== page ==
This week I am going to assess how having a low functioning thyroid could be adding to your weight gain woes, even if all your blood levels come back normal.
Weight gain can be directly linked with thyroid problems. Thyroid issues develop over time. You may have been displaying signs of low thyroid function in your 30s or 40s but were able to push through it.
Back then you were able to exercise a little more to lose any extra weight, or sleep in over the weekends to make up for any tiredness. You probably did not give these changes a second thought.
As you enter your late 40s, these symptoms tend to become more apparent because of any hormonal fluctuations that are also experienced during that time. You need to listen to your thyroid and the signs your body is receiving, and nurture your thyroid if you want to lose weight and gain energy.
Weight gain is typically linked to an under active thyroid because it slows down your metabolism. This results in weight gain and difficulty losing extra weight.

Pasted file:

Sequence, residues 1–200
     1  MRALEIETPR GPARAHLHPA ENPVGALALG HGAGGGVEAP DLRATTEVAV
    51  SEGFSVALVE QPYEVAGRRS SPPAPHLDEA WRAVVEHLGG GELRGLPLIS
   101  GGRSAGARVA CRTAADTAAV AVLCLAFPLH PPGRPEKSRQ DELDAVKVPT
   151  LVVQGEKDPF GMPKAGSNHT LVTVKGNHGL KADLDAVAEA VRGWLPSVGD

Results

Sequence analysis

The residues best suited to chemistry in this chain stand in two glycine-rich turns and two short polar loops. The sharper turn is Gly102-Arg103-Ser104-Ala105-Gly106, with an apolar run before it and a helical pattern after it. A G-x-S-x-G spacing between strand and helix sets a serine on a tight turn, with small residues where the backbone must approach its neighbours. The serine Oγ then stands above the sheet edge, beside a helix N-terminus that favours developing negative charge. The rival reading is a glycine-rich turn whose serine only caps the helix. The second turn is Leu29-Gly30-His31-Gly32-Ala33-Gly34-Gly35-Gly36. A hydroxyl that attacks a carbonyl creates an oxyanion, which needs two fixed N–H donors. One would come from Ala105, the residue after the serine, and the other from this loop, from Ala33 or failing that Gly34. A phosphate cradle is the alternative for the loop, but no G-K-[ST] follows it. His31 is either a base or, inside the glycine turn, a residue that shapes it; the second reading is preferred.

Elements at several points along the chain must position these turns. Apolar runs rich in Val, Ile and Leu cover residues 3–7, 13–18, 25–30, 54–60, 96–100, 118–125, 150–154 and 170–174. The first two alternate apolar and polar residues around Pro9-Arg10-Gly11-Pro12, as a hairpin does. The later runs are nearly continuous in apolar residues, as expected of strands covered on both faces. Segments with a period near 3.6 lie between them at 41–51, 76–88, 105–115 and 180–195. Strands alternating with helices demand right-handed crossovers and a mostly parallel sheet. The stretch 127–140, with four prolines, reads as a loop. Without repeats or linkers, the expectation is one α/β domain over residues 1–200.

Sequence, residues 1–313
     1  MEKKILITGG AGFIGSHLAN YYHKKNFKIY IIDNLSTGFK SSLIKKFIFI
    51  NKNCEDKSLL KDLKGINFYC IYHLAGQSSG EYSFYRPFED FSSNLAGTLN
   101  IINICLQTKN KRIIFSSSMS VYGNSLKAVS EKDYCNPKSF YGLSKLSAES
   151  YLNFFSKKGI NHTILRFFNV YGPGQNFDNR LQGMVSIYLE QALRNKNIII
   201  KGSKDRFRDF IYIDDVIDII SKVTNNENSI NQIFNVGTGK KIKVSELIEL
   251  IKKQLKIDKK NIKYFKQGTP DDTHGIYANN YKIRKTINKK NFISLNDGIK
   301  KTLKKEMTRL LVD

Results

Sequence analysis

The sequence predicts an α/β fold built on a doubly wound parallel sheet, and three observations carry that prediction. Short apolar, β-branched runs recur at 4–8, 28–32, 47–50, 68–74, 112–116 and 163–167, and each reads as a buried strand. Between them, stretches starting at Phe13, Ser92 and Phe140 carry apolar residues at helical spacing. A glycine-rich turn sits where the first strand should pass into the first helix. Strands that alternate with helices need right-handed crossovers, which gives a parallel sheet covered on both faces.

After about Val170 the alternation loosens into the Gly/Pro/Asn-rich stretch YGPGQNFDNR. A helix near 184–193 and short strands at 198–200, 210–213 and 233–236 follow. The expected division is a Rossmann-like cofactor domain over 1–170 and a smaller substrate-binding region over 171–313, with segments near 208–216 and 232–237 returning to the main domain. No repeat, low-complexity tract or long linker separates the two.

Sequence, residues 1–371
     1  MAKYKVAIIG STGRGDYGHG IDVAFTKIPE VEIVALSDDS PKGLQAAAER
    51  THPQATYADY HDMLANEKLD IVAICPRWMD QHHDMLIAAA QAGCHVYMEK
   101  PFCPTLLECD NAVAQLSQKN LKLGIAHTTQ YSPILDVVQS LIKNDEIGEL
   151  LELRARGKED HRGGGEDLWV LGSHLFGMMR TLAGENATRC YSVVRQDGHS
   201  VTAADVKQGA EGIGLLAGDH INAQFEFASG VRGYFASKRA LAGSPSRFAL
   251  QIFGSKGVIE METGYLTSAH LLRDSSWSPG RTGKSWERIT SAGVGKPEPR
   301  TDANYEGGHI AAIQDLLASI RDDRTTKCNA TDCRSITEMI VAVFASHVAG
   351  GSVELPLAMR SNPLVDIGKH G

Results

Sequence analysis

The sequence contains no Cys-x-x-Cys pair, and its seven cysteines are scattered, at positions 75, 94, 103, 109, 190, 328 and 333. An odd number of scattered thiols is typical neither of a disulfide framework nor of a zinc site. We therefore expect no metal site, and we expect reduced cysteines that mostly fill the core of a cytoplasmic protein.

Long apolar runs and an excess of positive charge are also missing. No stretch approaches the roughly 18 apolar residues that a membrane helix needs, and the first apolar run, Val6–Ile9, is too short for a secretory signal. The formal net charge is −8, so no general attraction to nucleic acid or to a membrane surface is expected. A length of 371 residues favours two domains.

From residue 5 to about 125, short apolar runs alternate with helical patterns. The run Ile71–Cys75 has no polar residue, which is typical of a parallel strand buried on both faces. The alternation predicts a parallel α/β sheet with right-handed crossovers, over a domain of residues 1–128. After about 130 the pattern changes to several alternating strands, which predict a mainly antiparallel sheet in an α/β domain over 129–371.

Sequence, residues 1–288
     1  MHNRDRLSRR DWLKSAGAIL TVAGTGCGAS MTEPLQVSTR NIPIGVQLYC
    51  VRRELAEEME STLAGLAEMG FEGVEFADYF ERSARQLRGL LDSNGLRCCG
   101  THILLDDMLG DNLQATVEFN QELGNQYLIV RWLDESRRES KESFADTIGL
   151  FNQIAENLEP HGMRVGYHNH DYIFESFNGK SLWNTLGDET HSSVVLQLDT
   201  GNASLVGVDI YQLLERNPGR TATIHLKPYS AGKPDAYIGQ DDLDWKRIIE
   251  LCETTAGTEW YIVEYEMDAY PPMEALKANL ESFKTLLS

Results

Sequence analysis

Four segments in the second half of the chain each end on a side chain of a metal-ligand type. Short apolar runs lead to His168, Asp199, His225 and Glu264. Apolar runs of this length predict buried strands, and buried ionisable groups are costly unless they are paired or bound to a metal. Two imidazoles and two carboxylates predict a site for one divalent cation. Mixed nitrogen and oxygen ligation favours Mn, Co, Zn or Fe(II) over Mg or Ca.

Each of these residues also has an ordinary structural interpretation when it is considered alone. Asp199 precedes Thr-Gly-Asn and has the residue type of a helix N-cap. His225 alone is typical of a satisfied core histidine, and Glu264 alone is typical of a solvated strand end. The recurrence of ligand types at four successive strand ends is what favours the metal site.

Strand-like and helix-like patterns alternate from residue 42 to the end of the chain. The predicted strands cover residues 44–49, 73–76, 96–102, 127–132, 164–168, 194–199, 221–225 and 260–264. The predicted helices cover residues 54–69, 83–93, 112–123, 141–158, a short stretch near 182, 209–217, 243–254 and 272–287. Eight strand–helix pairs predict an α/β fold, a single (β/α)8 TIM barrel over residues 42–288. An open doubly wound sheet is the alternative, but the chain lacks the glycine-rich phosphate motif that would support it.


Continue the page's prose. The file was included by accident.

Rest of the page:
An under active thyroid gland, a condition referred to as hypothyroidism, is where your thyroid gland doesn’t produce enough hormones. Common signs of an under active thyroid are tiredness, weight gain and feeling depressed.
Women’s weight tends to fluctuate, especially when hormone levels are shifting, which happens as you approach menopause. Many women try to diet to counter this with unhealthy eating plans or a plan that does not address their thyroid, only to make things worse.
Eating the wrong foods can decrease your gut mobility, which slows down your metabolism and causes you to gain more weight. Then, when you find that you do not get the weight loss you were expecting, you revert back to your old eating habits.
Low thyroid function is associated with weight gain due to the fact that the thyroid gland controls fuel-efficiency and your metabolism. With too little thyroid, the fuel (your food) is burned at a lower rate. If meal sizes are the same, weight gain occurs.
Tiredness associated with low thyroid function also can find you too tired to exercise as much as you would like to, further adding to weight gain.